II. Standard

         “[F]ederal courts are courts of limited jurisdiction.” Ark. Blue Cross & Blue Shield v. Little Rock Cardiology Clinic, P.A., 551 F.3d 812, 816 (8th Cir. 2009). Removal statutes are strictly construed against the intrusion on the right of state courts to decide their own controversies, and all doubts about the propriety of removal are resolved in favor of remand. See City of Indianapolis v. Chase Nat’l Bank, 314 U.S. 63, 76 (1941); Transit Cas. Co. v. Certain Underwriters at Lloyd’s of London, 119 F.3d 619, 625 (8th Cir. 1997). Stemming from the strict construction requirement, the party seeking to invoke the court’s jurisdiction bears the burden of establishing federal jurisdiction. See In re Prempro Prods. Liab. Litig., 591 F.3d 613, 620 (8th Cir. 2010).

         28 U.S.C. § 1441(a) allows an action to be removed if the district court has original jurisdiction. 28 U.S.C. § 1332(a) provides that the district court has original jurisdiction in a civil matter between diverse citizens in which the amount -in- controversy is at least $75, 000. Removal is governed by 28 U.S.C. § 1446. Specifically, 28 U.S.C. § 1446 (b)(2)(3) provides,

[I]f the case stated by the initial pleading is not removable, a notice of removal may be filed within 30 days after receipt by the defendant, through service or otherwise, of a copy of an amended pleading, motion, order or other paper from which it may first be ascertained that the case is one which is or has become removable.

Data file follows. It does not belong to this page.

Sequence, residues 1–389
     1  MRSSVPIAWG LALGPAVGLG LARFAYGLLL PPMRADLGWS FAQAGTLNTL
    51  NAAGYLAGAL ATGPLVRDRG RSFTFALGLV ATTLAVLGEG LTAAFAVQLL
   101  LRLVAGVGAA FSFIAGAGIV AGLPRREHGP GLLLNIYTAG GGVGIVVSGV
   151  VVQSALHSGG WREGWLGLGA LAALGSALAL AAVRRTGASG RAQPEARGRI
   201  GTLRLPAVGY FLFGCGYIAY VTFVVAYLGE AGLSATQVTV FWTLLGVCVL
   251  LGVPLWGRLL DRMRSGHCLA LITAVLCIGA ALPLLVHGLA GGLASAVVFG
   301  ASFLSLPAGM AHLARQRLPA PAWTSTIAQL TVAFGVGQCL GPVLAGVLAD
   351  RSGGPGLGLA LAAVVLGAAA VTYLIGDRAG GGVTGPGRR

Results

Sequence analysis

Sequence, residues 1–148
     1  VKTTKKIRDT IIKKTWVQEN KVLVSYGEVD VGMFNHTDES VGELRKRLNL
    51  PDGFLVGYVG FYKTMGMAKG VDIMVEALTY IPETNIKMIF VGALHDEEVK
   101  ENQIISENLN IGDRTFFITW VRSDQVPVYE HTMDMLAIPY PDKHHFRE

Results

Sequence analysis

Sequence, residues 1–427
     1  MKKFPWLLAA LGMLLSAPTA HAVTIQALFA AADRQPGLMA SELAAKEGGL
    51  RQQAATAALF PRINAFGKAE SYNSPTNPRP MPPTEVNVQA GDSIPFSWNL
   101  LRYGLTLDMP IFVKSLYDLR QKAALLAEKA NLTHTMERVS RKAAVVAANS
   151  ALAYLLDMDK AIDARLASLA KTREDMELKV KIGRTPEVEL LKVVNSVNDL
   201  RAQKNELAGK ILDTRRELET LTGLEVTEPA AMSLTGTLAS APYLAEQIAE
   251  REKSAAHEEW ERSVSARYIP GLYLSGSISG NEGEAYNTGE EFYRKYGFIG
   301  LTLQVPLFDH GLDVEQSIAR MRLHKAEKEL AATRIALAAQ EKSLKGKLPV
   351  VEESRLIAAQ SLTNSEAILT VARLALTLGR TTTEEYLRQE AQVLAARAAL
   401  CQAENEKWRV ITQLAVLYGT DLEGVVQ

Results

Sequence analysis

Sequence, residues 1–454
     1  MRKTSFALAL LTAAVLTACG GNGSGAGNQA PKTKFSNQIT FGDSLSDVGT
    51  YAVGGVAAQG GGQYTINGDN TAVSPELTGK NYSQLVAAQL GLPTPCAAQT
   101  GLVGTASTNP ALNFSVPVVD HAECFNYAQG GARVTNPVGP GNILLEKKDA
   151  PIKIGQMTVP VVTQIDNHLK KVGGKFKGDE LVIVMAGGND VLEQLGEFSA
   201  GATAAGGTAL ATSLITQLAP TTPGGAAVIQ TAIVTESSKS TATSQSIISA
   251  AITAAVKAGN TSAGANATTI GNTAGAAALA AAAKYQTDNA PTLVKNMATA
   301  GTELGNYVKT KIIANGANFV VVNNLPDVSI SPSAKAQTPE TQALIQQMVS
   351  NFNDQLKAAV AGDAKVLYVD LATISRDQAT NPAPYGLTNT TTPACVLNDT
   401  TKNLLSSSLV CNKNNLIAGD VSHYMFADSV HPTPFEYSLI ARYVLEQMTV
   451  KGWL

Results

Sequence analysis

Under the “voluntary-nonvoluntary rule” adopted by the Eighth Circuit, a case that is nonremovable on its initial pleadings for lack of diversity can only become removable pursuant to a voluntary act of the plaintiff. See In re Iowa Mfg. Co., 747 F.2d at 463-64; Norfolk Ry. Co., 778 F.Supp. At 469-70; Machinsk., 868 F.Supp. At 270. The Supreme Court developed the standard “voluntary-involuntary” rule for evaluating removability in Powers v. Chesapeake & Ohio Ry., 169 U.S. 92, 99-101 (1898). The rule requires that a case remain in state court unless a “voluntary” act by the plaintiff brings about such a change in circumstances that makes the suit removable. Whitcomb v. Smithson, 175 U.S. 635, 638 (1900); Ushman by Ushman v. Sterling Drug, Inc., 681 F.Supp. 1331 (C.D. Ill. 1988); Drost Equipment, Inc. v. Ford Motor Co., 605 F.Supp. 94, 95 (S.D. Iowa 1985). The rule provides for a litmus test:

If the dismissal of a defendant in state court creates complete diversity between all parties so that the case may be removed to federal court, the propriety of removal is determined according to whether the dismissal was voluntary or involuntary with respect to the plaintiff. In other words, if the plaintiff voluntarily dismisses the non-diverse defendant, the case may be removed. Removal is improper, however, if the dismissal of that resident defendant was involuntary.

In re Iowa Mfg. Co. of Cedar Rapids, 747 F.2d at 463.

         III. Discussion

         The parties do not dispute the case was not removable on its initial pleadings; Pettibon was a properly joined, non-diverse Defendant. However, Plaintiffs have now dismissed Defendant Pettibon with prejudice. (Doc. 5-5.) The dispositive question then is whether Plaintiffs’ dismissal of Pettibon was voluntary or involuntary. For the reasons set forth below, the Court finds ...